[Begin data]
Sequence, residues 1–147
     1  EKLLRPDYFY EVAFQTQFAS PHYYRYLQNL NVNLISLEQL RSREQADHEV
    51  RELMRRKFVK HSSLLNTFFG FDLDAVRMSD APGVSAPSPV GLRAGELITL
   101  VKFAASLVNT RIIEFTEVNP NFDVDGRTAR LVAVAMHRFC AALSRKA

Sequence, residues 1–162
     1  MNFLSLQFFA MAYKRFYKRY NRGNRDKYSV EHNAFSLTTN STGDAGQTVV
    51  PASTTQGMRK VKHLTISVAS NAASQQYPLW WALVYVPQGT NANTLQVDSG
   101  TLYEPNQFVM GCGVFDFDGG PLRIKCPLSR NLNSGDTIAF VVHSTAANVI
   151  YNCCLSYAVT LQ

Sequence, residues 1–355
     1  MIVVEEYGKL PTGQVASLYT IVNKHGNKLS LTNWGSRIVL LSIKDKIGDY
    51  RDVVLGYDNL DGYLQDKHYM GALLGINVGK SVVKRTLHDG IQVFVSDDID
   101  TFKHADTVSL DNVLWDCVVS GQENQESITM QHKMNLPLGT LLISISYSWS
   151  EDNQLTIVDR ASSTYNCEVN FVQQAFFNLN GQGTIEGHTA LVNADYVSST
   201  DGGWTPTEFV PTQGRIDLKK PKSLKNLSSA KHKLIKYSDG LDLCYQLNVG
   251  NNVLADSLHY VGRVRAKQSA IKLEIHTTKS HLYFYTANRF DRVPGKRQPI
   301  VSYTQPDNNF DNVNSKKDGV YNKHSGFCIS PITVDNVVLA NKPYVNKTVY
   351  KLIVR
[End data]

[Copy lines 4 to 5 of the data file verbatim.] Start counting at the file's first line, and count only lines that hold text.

   101  VKFAASLVNT RIIEFTEVNP NFDVDGRTAR LVAVAMHRFC AALSRKA

Sequence, residues 1–162